BAHRAICH: Changing moods of rivers have often caused border dispute between India and Nepal. Every year, several border pillars are either washed away by the flood or get damaged and the two countries have to start all over again the exercise of demarcation which only furthers the dispute.
Ghaghra and Saryu rivers at Bahraich, Rapti at Shravasti and Sharda at Lakhimpur-Kheri enter the Indian territory from Nepal. The rivers spread to several kilometers on the Nepal border, several pillars of which stand in the middle of their course.
The rivers have run into several other points in the past decade and their course has changed. The pillars which used to be on the other side of the border are now placed across the river. There are many such border pillars which stand in the course of the river and it is a tough job to identify them, thus creating difficulty, making Maoist organisations of Nepal point a finger at India.
Although when the joint survey team of India and Nepal demarcated the border, it proved baseless. The Maoists organisation still allege India has taken illegal possession of many parts of Nepali land. It is not true but the changing course of the rivers makes it seem to be true.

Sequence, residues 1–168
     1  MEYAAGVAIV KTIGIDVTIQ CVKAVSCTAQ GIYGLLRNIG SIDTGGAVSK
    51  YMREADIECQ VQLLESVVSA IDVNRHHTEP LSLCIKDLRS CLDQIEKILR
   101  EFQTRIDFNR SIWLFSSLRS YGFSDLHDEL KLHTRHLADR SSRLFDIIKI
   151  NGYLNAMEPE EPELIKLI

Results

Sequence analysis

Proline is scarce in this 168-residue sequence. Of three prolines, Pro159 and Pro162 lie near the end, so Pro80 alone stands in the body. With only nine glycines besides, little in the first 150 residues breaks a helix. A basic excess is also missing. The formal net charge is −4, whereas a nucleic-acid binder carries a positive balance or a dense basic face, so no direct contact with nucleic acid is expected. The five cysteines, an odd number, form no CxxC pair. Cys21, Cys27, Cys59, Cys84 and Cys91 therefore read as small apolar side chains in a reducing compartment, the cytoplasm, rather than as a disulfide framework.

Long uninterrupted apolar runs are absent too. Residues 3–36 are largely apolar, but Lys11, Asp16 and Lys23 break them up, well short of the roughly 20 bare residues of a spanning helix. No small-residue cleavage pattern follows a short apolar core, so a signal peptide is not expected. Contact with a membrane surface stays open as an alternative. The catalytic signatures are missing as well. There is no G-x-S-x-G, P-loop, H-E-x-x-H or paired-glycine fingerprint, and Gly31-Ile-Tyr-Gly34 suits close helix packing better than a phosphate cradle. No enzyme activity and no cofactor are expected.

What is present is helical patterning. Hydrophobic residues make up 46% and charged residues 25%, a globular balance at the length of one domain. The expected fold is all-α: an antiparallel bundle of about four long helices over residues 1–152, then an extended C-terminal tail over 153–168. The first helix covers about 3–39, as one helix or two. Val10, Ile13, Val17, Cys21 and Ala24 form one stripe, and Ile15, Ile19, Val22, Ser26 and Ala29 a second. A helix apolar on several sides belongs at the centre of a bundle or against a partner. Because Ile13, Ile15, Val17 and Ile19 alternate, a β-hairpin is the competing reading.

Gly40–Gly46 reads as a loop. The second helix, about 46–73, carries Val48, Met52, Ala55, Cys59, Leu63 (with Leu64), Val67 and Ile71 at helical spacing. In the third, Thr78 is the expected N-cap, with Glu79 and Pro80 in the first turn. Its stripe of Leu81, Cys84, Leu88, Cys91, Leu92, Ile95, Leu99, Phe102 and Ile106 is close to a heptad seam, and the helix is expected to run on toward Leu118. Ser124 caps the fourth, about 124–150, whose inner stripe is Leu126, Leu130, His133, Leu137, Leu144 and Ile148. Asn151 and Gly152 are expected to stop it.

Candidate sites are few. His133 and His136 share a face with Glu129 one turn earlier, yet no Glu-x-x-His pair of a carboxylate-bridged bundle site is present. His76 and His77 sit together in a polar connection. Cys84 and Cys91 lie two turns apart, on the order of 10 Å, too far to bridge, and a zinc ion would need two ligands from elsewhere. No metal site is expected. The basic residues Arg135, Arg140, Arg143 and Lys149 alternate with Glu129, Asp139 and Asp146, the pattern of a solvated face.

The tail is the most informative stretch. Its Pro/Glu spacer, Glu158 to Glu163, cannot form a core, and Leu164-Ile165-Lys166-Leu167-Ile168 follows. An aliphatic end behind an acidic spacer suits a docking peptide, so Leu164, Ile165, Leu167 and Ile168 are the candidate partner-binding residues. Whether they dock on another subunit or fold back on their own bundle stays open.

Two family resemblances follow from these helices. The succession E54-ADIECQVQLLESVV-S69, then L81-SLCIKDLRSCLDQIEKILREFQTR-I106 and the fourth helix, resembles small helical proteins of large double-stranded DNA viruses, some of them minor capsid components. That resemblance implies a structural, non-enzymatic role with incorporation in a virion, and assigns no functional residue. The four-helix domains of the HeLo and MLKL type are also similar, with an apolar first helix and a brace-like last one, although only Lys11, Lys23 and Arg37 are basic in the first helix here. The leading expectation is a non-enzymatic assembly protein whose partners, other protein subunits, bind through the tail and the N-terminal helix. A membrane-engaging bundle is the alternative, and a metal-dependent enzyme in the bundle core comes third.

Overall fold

The situation also makes the job of the intelligence department and Sahastra Seema Bal (SSB) difficult. The problem is not confined to Bahraich, Shravasti and Lakhimpur, but extends to other areas too where the rivers enter the Indian territory from Nepal confusing the border officers.
District majistrate Bahraich Kinjal Singh says a joint survey team of India and Nepal identifies such border pillars every three years for demarcation. Besides, whenever the issue arises in the meeting of the border officials every three months, it is discussed and a solution is worked out.
The Times of India